Farming responsible for 53% of Water Pollution incidents

Posted in: United States Water News, Water Contamination, Water Health Effects, Water quality
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Photo Credit: AgriLand

Article courtesy of Author Richard Halleron | Date(June 22,2015) | AgriLand | Shared as educational material

Farming is believed to be the cause of pollution in 53% of impacted river sites assessed during the period 2010 to 2012, according to a new water quality consultation document.

Published by the Department of the Environment Community and Local Government (DOEHLG) it says that increased agricultural output will likely increase the pressures on waters.

Agricultural activities are also the source of certain microbial vectors causing human illnesses including those caused by cryptosporidium and e coli bacteria.

The new document also highlights the challenge of achieving the objectives of the Water Framework Directive (WFD) in the context of increasing agricultural output under Food Harvest 2020.

Increased farm output will likely increase the pressures on waters, which will have to be managed in a sustainable way within the context of the overall objective of protecting and improving water quality and meeting the requirements of the WFD.

The responses received by way of the consultation process will be used to formulate a strategy, designed to improve water quality during the period 2017 – 2021.

This will entail the development of a second series of River Basin Management Plans (RBMPs) for Ireland. This principle is now used throughout the Europe as a strategic tool, allowing individual member states to reach the targets laid down within the EU’s Water Framework Directive.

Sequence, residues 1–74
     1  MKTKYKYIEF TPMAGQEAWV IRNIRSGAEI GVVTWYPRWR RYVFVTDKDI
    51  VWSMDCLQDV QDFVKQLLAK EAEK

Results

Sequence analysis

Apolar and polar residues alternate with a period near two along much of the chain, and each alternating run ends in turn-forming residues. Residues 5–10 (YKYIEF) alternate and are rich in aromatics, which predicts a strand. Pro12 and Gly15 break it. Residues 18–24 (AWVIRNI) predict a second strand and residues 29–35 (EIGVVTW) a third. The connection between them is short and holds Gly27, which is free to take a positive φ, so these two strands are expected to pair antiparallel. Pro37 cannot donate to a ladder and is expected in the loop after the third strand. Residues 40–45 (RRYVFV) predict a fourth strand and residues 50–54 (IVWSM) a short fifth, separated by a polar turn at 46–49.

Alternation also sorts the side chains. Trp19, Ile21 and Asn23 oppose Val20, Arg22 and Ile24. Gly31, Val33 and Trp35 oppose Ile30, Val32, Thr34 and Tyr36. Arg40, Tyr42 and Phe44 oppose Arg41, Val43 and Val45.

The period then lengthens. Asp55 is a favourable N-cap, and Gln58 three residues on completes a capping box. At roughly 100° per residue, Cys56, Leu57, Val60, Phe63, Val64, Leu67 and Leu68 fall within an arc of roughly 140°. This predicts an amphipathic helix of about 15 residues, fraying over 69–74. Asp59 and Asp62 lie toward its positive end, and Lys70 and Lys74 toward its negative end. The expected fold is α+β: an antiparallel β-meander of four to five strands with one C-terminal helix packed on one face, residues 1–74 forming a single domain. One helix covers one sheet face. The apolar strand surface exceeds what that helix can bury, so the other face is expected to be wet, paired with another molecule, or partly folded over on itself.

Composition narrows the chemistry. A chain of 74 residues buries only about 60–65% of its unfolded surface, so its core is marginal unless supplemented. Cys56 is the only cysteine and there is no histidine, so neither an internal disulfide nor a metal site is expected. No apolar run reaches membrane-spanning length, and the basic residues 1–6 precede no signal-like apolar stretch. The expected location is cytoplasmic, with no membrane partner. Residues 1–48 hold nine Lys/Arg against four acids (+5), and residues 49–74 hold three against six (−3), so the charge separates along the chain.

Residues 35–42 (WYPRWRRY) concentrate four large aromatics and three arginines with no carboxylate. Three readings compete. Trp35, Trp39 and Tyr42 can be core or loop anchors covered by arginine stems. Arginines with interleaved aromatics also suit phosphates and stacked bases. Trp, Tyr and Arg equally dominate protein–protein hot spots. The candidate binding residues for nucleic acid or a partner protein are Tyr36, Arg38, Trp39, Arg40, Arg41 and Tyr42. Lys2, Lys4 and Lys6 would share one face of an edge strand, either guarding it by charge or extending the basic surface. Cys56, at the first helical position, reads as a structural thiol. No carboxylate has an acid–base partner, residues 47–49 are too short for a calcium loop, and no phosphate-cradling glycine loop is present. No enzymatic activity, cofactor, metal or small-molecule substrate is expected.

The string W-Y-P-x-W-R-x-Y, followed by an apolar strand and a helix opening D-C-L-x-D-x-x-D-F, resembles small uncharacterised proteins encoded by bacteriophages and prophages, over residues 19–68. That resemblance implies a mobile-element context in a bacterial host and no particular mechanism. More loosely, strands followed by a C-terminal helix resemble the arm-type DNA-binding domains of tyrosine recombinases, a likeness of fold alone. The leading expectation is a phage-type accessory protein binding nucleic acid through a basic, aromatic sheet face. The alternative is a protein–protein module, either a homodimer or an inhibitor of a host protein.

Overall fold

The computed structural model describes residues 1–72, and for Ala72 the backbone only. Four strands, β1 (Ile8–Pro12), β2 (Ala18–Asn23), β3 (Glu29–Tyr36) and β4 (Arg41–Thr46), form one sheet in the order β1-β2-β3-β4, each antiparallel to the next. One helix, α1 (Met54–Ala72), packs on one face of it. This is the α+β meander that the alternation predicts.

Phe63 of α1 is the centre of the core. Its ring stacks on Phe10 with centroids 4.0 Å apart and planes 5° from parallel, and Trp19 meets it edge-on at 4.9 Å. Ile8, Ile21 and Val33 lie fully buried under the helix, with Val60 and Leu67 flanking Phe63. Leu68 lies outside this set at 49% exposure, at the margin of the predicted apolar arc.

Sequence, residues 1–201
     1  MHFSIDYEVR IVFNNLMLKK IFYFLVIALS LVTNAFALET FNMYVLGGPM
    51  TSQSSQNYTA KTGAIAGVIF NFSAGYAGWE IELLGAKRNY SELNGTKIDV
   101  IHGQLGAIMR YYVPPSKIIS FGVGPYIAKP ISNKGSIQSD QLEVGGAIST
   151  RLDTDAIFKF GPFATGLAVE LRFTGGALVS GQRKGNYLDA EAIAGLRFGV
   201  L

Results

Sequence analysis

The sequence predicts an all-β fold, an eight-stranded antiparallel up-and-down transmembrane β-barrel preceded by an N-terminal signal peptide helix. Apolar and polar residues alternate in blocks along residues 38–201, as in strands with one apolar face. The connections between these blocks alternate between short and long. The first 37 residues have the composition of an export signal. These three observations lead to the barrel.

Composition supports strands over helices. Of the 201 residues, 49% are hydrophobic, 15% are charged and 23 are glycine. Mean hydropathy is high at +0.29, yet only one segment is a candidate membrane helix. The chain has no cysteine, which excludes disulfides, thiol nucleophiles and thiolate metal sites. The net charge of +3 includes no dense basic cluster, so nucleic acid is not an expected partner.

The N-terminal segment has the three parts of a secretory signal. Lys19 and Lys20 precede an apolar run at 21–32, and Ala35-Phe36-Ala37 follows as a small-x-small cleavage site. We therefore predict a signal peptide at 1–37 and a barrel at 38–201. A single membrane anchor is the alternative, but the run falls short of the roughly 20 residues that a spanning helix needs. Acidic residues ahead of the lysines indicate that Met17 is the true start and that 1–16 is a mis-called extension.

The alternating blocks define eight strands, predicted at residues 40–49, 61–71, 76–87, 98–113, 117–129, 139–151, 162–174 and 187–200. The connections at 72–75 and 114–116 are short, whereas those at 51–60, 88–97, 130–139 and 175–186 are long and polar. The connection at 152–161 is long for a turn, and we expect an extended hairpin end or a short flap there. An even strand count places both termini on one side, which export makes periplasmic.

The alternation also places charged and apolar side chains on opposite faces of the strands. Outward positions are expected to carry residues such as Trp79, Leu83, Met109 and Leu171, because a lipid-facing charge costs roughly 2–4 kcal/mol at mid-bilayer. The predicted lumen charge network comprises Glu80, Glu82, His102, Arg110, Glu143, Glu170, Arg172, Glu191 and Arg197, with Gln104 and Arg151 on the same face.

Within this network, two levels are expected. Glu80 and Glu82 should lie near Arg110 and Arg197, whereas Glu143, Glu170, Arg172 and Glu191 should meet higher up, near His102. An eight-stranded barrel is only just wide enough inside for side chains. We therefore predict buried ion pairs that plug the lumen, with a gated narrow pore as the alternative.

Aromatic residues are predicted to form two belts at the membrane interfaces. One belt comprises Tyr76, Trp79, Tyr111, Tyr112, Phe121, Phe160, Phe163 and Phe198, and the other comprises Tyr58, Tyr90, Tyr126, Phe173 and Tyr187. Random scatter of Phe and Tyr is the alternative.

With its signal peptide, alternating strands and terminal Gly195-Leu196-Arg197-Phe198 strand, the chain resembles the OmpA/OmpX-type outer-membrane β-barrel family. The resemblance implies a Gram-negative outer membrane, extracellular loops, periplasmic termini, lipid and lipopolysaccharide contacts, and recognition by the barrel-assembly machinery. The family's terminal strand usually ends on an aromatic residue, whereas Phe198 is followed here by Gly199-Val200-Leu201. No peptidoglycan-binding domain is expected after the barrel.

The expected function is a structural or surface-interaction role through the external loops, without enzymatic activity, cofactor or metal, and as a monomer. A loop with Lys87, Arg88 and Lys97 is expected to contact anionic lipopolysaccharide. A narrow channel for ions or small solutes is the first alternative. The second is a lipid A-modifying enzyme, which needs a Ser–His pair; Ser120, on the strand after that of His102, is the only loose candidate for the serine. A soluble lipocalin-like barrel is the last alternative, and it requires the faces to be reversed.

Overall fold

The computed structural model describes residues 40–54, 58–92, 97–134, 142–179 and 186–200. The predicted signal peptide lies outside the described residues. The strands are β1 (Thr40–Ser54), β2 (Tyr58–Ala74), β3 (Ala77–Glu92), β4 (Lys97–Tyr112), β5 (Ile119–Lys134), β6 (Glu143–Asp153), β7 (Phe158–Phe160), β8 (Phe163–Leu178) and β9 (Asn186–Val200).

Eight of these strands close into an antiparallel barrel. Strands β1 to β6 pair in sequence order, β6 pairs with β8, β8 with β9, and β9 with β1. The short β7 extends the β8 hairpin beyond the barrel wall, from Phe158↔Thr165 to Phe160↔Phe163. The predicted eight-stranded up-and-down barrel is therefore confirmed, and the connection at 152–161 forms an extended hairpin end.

According to the Department of the Environment achieving the objectives of the Water Framework Directive in the context of increasing agricultural output under Food Harvest 2020 will be a major challenge.

It says that increased agricultural output will likely increase the pressures on waters which will have to be managed in a sustainable way within the context of the overall objective of protecting and improving water quality and meeting the requirements of the WFD.

The Department also says that the levels of nitrogen and phosphorus in groundwater, rivers, lakes, estuarine and coastal waters have been mostly stable or decreasing since 2007. This is most likely due to improved farming practices, it says.

“While this is a welcome trend the document also indicates that the rate of improvement has been slow. Teagasc research is indicating that there will be a lag between certain measures being implemented and the impact becoming visible in the quality of the receiving water.”

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